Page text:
UN, Colombia Assess Post-Conflict Environmental Damage
UN Photo/Eskinder Debebe
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A team of UN experts has concluded that Colombia has an opportunity to promote sustainable and resilient livelihoods “in which nature provides the foundation for long-lasting peace and prosperity”.

The experts identified significant environmental destruction in the Quito river basin caused by illegal mining and deforestation that occurred during Colombia's conflict over the past 50 years.

The UN Environment Programme will support post-conflict development through technical and strategic means, as well as improving public access to environmental information.

24 March 2017: UN experts conducted a post-conflict, multi-disciplinary assessment of environmental degradation in Colombia, concluding that the country has an opportunity to promote sustainable and resilient livelihoods “in which nature provides the foundation for long-lasting peace and prosperity.”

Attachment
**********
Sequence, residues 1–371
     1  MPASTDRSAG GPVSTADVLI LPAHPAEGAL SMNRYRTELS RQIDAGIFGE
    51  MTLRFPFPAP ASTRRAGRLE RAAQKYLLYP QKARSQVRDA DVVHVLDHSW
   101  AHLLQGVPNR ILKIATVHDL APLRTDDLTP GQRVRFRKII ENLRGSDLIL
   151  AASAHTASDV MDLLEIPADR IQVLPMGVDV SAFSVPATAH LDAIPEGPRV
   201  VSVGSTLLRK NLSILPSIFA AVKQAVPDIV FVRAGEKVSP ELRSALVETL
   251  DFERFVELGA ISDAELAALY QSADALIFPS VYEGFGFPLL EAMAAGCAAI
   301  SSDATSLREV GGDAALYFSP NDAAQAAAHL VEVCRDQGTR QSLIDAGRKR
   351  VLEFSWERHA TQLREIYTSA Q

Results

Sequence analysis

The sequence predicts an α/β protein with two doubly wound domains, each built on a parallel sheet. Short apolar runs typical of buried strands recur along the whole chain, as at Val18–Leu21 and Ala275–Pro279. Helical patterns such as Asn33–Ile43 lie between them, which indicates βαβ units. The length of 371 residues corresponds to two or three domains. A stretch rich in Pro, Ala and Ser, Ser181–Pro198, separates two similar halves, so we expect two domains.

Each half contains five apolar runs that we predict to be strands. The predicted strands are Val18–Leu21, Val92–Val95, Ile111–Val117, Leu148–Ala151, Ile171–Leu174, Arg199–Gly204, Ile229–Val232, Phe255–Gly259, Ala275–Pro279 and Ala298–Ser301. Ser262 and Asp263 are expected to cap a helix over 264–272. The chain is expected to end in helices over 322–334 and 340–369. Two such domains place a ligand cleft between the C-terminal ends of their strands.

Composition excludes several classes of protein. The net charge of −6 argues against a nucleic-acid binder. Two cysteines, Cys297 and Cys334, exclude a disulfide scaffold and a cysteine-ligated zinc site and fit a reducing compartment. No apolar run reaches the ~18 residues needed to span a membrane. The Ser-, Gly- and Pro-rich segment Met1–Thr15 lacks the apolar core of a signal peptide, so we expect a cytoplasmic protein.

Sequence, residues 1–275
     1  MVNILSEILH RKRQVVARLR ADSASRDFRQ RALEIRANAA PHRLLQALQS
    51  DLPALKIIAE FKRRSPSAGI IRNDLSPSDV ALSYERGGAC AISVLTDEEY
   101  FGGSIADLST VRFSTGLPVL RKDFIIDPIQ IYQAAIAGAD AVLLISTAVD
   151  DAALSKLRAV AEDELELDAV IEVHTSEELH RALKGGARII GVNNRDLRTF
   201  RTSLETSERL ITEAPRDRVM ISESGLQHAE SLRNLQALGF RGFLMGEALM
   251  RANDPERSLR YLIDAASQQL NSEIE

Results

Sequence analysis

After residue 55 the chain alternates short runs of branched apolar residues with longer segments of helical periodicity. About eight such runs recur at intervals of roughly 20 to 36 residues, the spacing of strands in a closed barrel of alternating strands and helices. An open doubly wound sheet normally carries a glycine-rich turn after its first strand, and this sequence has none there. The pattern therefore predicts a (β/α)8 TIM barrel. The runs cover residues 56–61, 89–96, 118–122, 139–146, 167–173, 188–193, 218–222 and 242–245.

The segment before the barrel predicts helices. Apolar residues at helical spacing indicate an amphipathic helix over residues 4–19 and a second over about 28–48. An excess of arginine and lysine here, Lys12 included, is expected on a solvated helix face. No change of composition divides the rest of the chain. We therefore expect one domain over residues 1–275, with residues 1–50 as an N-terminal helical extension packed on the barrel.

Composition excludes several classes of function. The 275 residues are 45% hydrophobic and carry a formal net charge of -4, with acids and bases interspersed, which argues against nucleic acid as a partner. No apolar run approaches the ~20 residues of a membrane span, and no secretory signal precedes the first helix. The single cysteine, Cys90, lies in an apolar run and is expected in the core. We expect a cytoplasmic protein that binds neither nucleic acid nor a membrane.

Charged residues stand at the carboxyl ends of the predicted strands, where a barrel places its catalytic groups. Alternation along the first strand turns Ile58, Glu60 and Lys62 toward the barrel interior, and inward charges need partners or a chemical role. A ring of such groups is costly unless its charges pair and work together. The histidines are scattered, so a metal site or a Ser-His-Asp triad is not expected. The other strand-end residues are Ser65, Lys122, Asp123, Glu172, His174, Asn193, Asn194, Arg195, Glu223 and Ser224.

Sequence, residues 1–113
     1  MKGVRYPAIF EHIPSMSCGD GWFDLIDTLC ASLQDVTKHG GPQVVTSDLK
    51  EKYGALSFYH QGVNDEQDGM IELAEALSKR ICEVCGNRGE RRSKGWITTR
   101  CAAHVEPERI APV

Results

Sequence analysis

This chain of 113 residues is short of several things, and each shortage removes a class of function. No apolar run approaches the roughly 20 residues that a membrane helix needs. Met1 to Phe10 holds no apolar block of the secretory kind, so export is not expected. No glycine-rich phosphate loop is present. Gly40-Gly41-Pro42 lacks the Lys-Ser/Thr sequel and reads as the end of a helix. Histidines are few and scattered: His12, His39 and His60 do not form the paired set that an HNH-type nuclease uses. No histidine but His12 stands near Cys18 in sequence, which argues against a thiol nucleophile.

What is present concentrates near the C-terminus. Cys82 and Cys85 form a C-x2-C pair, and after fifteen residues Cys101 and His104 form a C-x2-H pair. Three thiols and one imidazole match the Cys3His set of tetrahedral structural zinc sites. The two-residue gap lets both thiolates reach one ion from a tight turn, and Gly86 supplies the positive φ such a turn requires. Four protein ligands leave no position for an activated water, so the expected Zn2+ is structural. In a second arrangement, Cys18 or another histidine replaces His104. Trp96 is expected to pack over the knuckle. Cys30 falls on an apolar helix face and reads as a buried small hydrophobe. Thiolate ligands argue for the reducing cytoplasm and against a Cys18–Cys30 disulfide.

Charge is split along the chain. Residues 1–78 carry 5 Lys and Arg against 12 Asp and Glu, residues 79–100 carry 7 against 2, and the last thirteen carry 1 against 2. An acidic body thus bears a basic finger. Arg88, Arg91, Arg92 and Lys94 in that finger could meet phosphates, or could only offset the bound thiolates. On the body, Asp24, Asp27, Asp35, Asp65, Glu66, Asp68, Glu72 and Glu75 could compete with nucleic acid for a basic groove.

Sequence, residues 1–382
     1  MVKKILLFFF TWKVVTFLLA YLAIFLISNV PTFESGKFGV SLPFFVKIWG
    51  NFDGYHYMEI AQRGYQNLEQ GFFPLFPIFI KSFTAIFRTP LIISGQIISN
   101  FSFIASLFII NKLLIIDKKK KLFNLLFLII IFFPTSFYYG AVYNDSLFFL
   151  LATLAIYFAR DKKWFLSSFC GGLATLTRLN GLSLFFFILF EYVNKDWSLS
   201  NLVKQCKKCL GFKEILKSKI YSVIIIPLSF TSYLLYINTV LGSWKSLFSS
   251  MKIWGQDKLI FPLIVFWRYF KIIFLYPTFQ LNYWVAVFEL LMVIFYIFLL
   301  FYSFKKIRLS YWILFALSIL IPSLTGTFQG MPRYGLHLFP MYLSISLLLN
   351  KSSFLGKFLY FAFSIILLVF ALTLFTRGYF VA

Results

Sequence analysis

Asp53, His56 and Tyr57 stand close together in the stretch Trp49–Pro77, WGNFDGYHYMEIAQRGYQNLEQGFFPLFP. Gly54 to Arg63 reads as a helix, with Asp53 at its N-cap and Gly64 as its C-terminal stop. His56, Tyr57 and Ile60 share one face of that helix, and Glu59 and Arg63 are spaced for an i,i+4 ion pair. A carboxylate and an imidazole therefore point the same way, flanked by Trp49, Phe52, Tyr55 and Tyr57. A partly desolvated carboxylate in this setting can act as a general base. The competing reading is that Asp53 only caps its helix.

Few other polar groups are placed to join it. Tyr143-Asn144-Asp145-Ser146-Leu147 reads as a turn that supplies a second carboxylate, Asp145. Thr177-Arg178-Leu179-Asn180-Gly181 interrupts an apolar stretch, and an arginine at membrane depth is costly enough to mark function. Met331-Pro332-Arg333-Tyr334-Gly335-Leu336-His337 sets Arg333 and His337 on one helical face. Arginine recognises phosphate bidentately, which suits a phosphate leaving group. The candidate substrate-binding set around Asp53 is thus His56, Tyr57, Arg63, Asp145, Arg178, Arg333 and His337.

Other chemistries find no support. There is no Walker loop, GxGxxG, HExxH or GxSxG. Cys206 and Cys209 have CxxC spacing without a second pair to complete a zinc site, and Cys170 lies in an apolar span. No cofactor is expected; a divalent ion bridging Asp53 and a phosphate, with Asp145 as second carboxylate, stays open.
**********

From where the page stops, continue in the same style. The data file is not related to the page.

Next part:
The experts identified significant environmental destruction in the Quito river basin, including the release of mercury, caused by illegal mining and deforestation by rebel groups that had controlled rural territories for over 50 years. President of Colombia Juan Manuel Santos invited the UN team to identify priority actions to mitigate the risks to health and livelihoods caused by the environmental damage.

For its part, the Government of Colombia has emphasized “strengthening the environmental dividends of peace and fostering green growth as pillars for sustainable development.” Among other steps, the Government has established a Sustainable Colombia Fund to promote sustainable livelihoods and integral rural development.

UN Environment reports that it will support the post-conflict development process through: technical recommendations and training for environmental peacebuilding projects; strategic environmental assessment of key post-conflict interventions; advice on measures to improve social, economic and environmental conditions for the extractive sector and to remediate damage caused by illegal operations; and strengthening of the institutional and technical capacities for the Participatory Territorial Planning and Monitoring, including improving public access to environmental information. [UN Environment Press Release] [UN Press Release]

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